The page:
110 Years of the Pottstown YWCA

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110 Years of the Pottstown YWCA

Categories: News

by Jean Kowalski

1858 — YWCA, the United States’ first women’s organization, is formed as the “Ladies Christian Association” in New York.

1908 — Fifty women meet at the First Presbyterian Church to launch a Pottstown association of the Young Women’s Christian Association. Membership was $1. Its headquarters were at 16 S. Franklin St.

1909 — YW begins sheltering girls who are homeless.


YWCA 9-Lynn-Beech-Home.jpg
Although the very first YWCA location was at 16 S. Franklin St., it moved in 1913 to the Lyman Beecher home at its current location at 315 King St. The Y paid $5,000 the building. It was taken down in 1973 and the current building was constructed.

1913 — YWCA of Pottstown is formally chartered and incorporated on November 17. The organization purchases the Lyman Beecher home at 315 King St. The board hires Augusta Dumond as its first secretary, responsible for the day-to-day operations of the organization. The 1913-14 program included classes in singing, reading, physical fitness, basketball, skating, roller skating, volleyball, indoor baseball, first aid, shirt waist making, Christmas gift sewing, dramatics, English composition, current events, Bible study, Camp Fire Girls, and cooking. The program also included social events for members. Books were available for circulation among members.

1914 — YW leases Pine Dam Cabin near Pine Forge for four weeks. Members pay $3.50 a week to use the cabin and lake for boating and bathing.

1916 — The first of several “industrial clubs,” social and educational clubs aimed at girls and women who worked in Pottstown’s factories, forms. The Ben Franklin Club comprises employees of the Meyerhoff Shirt Factory. Its members take part in cooking, sewing and dramatics classes at the YW, and recreation on the factory grounds during their lunch break.

1916 — A day nursery opens in rented space on North Evans Street, starting with a dozen children of single mothers who were employed outside the home. The day nursery is a joint operation of YW, Associated Charities, and other organizations in Pottstown. YW continues to offer a nursery for working mothers, based on demand, on and off through the years.

1918 — A Girl Reserves group, founded nationwide to help girls 12-18 “develop a well-balanced personality, grow physically and take on social responsibility,” forms in Pottstown.

1920 — Room rent is set at $2.50 per person.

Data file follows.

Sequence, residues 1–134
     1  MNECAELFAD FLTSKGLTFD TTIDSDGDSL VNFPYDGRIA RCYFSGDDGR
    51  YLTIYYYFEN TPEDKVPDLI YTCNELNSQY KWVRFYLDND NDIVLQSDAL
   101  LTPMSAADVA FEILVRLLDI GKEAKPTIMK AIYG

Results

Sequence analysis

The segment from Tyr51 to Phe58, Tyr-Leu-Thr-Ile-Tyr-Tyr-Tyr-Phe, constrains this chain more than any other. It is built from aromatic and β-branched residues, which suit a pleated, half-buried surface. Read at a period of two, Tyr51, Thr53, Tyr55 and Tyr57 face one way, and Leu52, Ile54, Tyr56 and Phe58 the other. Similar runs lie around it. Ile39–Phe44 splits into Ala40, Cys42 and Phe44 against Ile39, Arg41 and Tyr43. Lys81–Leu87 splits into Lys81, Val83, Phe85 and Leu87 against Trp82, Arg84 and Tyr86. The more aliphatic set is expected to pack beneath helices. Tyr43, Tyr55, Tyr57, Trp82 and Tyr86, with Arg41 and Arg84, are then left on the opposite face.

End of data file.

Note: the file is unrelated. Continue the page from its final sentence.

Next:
YWCA 7-1924b-ball.jpg
The YWCA’s 1924 basketball team.

1925 – Social dancing classes for boys and girls begin. The original gymnasium – a converted stable at the rear of the property – is replaced by with a larger, modern gymnasium.

1926 — The Business Girls’ Club meets to “promote and sustain a deep sense of fellowship; to encourage high standards of conduct and of efficiency … to stimulate active interest in the great moral and social issues of the day.”

1928 — 166 women and girls stayed at the YW over the year, with 18 of them as permanent residents.

1929 — Noting that young people are going to find a place to dance, and that they might as well be under “proper supervision,” YW offers dances open to members and to the public.

YWCA 10-War-thanks.jpg

1932 — YW establishes a “Colored Girls Club” and a “Mothers Club for Colored Women.”

1935 — YW sponsors a girls’ band, and a girls’ Glee Club.

1936 — YW hosts its first meeting of Jewish women, who study household arts and crafts as a Works Progress Administration project.

1942 — YW gets behind the war effort, hosting recruiters for the Women’s Army Corps (WAC), and organizes a “Victory Garden Day” to encourage backyard gardening.

1946 — Girl Reserves groups for teenage girls are renamed Y-Teens. A new group begins meeting at YW – seven young British war brides, who say they are “impressed by the hospitality of the YW.”

YWCA 18-integrated.jpg
A YWCA integrated teen dance in the 1940s.

Late 1940s/early 1950s — YW integrates its teen dances, welcoming all teenagers in the community.

1950 — The Pottstown Golden Age Club for senior citizens, and the Newcomers’ Club for new residents or Pottstown, begin meeting at YW.